you remember your last arithmetic The two pigeon-houses were lesson ?—when I taught all three sent to the churchwarden's, and of you to work questions in “Proas Jem Timmings went there to portion ?” know if the one he had made gave Ion. Yes, papa. Willie and I, satisfaction, he overtook old Par- both, made blunders, and could kenson. Both of them were sur- not succeed. prised when they found out that P. And Lucy's work was corthey were going to the same place, rect. and still more so when they saw Ion. Well! now, I remember two new pigeon-houses standing, how silent Lucy was all the time. side by side, in the churchwarden's She sat down, and listened to every yard.

word you said, while Willie and I In a little time they were joined talked so much — just like two by the churchwarden, who pointed “Jem Timmingses!" out to Jem that the pigeon-house P. Yes, both of you were quite he had sent was a foot too short, sure that you knew the rule, long and had two pigeon-holes in it before Lucy, who first filled her more than were ordered. He then mind with the thoughts I gave showed him the one made by her. Parkenson, which was in every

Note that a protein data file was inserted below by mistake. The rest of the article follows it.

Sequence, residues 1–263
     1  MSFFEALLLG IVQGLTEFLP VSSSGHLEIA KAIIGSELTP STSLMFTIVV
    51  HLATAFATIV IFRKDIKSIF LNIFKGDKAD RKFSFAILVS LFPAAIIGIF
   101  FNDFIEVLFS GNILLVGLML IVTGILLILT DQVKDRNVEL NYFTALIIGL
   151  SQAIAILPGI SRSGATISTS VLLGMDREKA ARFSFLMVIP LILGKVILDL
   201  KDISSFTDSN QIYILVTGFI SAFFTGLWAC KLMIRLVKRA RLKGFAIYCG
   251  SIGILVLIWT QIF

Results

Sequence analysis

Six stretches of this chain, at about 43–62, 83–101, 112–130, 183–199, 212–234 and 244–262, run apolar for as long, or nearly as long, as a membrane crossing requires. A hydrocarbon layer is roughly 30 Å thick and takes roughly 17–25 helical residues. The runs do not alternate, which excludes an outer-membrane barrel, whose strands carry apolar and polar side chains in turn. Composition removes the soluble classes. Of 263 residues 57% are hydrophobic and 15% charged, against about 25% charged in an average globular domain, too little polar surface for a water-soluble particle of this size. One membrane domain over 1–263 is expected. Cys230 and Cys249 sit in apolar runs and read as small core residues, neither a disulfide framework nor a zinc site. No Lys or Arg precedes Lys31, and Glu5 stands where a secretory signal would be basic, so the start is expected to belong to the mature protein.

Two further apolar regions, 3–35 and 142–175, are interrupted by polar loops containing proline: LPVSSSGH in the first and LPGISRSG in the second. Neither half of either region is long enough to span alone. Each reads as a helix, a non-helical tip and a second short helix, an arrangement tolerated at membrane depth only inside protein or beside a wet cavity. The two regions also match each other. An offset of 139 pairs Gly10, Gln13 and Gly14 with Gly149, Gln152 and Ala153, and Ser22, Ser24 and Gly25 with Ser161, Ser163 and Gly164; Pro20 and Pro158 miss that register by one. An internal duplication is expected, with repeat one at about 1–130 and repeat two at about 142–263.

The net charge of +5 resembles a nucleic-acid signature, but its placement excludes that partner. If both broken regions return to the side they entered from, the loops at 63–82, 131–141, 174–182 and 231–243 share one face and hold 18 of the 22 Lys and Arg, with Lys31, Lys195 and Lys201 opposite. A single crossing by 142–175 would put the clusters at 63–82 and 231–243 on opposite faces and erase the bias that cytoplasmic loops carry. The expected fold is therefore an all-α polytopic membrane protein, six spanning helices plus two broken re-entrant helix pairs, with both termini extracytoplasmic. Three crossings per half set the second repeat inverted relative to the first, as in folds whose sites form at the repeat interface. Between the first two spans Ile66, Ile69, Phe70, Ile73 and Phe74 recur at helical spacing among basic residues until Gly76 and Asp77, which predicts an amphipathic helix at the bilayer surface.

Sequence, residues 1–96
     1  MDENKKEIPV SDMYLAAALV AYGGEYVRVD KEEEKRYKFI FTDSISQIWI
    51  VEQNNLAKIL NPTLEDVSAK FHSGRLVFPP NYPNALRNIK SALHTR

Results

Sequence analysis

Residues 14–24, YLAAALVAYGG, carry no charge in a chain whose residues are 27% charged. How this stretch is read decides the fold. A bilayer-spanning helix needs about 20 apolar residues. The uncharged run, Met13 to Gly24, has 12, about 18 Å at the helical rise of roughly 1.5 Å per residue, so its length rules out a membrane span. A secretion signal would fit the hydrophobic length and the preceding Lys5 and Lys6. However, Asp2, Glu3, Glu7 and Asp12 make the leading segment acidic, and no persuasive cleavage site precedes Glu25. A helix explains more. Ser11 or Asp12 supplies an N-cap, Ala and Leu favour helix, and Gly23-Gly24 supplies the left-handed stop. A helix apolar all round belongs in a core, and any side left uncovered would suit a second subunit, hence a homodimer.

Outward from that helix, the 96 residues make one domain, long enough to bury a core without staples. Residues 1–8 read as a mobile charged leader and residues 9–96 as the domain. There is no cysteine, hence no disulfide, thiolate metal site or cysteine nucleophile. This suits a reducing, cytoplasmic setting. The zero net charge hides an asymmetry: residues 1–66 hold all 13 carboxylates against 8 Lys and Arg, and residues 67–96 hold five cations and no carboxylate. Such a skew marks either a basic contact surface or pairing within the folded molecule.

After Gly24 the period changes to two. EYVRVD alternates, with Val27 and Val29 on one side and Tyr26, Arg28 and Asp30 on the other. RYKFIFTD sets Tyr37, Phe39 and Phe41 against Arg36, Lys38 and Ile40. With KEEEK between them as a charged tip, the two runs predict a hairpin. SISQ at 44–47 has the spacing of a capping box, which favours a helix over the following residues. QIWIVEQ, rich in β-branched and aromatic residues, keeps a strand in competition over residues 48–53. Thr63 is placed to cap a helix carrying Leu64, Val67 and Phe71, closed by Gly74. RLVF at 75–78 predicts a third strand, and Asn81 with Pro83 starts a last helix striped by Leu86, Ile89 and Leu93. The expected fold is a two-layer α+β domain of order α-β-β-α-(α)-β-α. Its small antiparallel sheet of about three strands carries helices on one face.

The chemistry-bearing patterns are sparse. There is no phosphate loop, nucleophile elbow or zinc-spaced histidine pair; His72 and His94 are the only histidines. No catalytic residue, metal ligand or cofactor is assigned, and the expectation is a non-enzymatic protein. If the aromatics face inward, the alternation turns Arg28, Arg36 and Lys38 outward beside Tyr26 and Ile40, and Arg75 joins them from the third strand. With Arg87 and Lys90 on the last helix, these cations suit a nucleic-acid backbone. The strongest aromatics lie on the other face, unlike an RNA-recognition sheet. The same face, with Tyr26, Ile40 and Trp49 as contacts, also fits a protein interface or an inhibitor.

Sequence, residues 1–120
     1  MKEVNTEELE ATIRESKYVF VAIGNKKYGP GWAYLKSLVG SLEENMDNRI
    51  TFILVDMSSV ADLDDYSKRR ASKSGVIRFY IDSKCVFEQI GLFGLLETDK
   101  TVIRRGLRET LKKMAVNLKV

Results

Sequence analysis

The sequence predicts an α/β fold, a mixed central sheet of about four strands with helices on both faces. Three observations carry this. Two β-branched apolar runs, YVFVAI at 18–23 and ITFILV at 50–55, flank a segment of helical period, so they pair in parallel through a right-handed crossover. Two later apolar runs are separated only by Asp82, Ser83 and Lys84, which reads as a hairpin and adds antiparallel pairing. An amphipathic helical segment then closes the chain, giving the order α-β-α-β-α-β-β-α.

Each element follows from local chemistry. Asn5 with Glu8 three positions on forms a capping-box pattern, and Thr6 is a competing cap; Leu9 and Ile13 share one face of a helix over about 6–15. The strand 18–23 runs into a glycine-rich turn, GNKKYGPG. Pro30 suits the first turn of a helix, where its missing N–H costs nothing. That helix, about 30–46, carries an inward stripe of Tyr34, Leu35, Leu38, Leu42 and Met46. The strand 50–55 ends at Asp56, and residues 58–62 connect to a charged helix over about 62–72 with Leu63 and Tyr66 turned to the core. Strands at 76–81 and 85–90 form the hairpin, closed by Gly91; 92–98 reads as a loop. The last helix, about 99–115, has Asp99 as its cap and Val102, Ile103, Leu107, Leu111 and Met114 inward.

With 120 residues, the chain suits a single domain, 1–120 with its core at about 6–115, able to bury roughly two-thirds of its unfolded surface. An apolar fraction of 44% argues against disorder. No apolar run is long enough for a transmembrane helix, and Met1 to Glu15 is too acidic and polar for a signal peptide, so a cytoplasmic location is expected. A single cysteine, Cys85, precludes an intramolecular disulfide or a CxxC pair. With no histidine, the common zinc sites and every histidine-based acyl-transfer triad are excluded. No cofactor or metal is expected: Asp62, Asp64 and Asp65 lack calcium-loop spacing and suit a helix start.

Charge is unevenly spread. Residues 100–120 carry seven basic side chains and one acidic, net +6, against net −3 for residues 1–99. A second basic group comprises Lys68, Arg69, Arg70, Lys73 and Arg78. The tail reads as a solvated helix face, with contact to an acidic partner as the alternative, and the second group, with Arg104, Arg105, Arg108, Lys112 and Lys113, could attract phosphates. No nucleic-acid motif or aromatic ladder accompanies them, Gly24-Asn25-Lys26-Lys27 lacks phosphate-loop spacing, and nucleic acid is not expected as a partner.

W. Until it was very deep. respect correct, and just the thing P. Yes, and then sat down to he wanted. “I understand it! I work silently. understand it !” said Jem, and W. And worked through her proposed to rectify his mistake. sum like a good old woman! "No, no,” cried the churchwarden, Ion. Or like old Parkenson ! “I wish you to understand that Í P. Or like a deep river! “DEEP will never employ a young fellow RIVERS MOVE WITH SILENCE.'

THE FOUR SUB-KINGDOMS.

be changed into earth again; Le

cause, you know that when animals L. Mamma, I have been think- die, their bodies change into dust; ing very much about the three king- and so do the vegetables change. doms since last Tuesday.

Ion. Why, then, the three kingYou know you told us, when we doms are always changing ; they talked about the Creation, that God go round and round like one great did not make all three parts of the wheel, I suppose. world at the same time. He made M. That is true. I will talk to the Minerals first, then the Vege- you of some of the changes which tables, and then the Animals: and happen. Suppose a gas called oxy. now, do you know, I think I can gen were to meet with another gas see the reason for it-it is because called hydrogen-these two gases they all depend upon one another! might unite and form water. The